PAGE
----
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eBook Classified: Secrecy and the State in Modern Britain download
Politics
Author: Christopher Moran
ISBN: 1107000998
Subcategory: Politics & Government
Pages 449 pages
Publisher Cambridge University Press (January 28, 2013)
Language English
Category: Politics
Rating: 4.8
Votes: 135
ePUB size: 1899 kb
FB2 size: 1298 kb
DJVU size: 1483 kb
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eBook Classified: Secrecy and the State in Modern Britain download

by Christopher Moran


Government secrecy – which this book is about – blanketed vast areas of British public life for most of the last .

Government secrecy – which this book is about – blanketed vast areas of British public life for most of the last century, upheld by a fierce and undiscriminating Official Secrets Act, passed through parliament by underhand means in 1911 (the government of the day pretended it was just to stop German spies), and by the gentlemanly code of those in the know. Thus armed, a supposedly democratic state could – the argument went – keep us safe from foreign plots, and also – though this was less trumpeted – from domestic subversion: for example, through strikes.

In his highly readable book, Classified, Dr Moran does the truth great service by exploring with fair objectivity the .

In his highly readable book, Classified, Dr Moran does the truth great service by exploring with fair objectivity the difficult middle ground in a revealing series of milestone case studies. Wherever one chooses to stand on this thorny, arcane, contentious and fascinating issue, Moran's book will certainly leave its readers far better informed. Dr Moran puts into clear perspective how those views of secrecy have evolved through the years including use of the D Notice, a measure often viewed with envy by bureaucrats in Washington. A valuable contribution to the study of government secrecy, Dr Moran's work will enhance the reader's grasp of the fundamental issues raised.

The Modern State and Administrative Secrecy : A Case Study of India. October 1979 · The Indian journal of public administration: quarterly journal of the Indian Institute of Public Administration. A Comparative View: Administrative Secrecy in Britain. Secrecy and the State in Modern Britain. By Christopher Moran. May 2013 · Twentieth Century British History.

Classified: Secrecy and the state in modern Britain. Cambridge University Press, 2012. An INS Special Forum: Implications of the Snowden Leaks. Intelligence Studies in Britain and the US: Historiography since 1945: Historiography since 1945. Edinburgh University Press, 2013. CR Moran, SD Willmetts. International Journal of Intelligence and CounterIntelligence 24 (2), 239-252, 2011. Spooked: Britain, empire and intelligence since 1945.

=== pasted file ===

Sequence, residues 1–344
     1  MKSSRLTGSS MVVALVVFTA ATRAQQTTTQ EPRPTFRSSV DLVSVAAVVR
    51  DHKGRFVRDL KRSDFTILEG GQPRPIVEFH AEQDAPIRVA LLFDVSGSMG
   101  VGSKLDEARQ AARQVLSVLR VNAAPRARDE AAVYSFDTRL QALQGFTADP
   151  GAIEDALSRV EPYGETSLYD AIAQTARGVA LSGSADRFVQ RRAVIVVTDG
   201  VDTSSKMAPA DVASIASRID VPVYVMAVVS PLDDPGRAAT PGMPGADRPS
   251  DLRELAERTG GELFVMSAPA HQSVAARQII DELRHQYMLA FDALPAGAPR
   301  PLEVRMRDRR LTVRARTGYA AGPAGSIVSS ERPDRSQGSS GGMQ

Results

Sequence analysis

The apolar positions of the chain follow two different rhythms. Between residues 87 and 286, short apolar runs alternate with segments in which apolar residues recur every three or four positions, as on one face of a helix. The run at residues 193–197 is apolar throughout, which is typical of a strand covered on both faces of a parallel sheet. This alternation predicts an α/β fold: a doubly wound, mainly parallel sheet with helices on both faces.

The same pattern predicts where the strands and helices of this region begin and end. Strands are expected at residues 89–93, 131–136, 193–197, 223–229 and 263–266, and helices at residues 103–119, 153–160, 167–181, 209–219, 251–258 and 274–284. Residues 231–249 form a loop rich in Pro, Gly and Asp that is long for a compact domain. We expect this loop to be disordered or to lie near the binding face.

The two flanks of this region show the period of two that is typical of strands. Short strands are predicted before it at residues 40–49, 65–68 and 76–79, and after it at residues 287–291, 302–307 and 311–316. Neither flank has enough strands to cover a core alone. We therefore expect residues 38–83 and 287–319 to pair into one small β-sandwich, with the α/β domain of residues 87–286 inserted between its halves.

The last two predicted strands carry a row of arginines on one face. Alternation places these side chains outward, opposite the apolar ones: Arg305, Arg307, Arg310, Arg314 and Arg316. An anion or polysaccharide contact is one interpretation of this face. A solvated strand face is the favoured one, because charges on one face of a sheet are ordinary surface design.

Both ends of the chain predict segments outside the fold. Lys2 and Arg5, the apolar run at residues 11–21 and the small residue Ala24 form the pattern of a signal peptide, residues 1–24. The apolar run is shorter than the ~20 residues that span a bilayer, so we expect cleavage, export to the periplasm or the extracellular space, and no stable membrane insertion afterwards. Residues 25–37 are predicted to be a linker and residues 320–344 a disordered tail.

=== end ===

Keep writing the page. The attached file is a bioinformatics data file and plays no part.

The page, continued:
Christopher Moran is an associate professor of . national security at the University of Warwick in England. He is the award-winning author of Classified: Secrecy and the State in Modern Britain and has held fellowships at the British Academy, the Library of Congress, and Oxford University. ನ್ನಷ್ಟು ಓದಿ. ಕುಗ್ಗಿಸಿ.

Christopher Moran is a British Academy Postdoctoral Fellow in the Department of Politics and International Studies at the University of Warwick. Country of Publication. Politics & Government.

Classified, by the academic Christopher Moran, follows the maxim that history should not only educate but amuse.

Classified: Secrecy and the State in Modern Britain (Hardback). In his highly readable book, Classified, Dr Moran does the truth great service by exploring with fair objectivity the difficult middle ground in a revealing series of milestone case studies. Christopher Moran (author).

Classified is a fascinating account of the British state's long obsession with secrecy and the ways it sought to prevent information about its secret activities from entering the public domain. Drawing on recently declassified documents, unpublished correspondence and exclusive interviews with key officials and journalists, Christopher Moran pays particular attention to the ways that the press and memoirs have been managed by politicians and spies. He argues that, by the 1960s, governments had become so concerned with their inability to keep secrets that they increasingly sought to offset damaging leaks with their own micro-managed publications. The book reveals new insights into seminal episodes in British post-war history, including the Suez crisis, the D-Notice Affair and the treachery of the Cambridge spies, identifying a new era of offensive information management, and putting the contemporary battle between secret-keepers, electronic media and digital whistle-blowers into long-term perspective.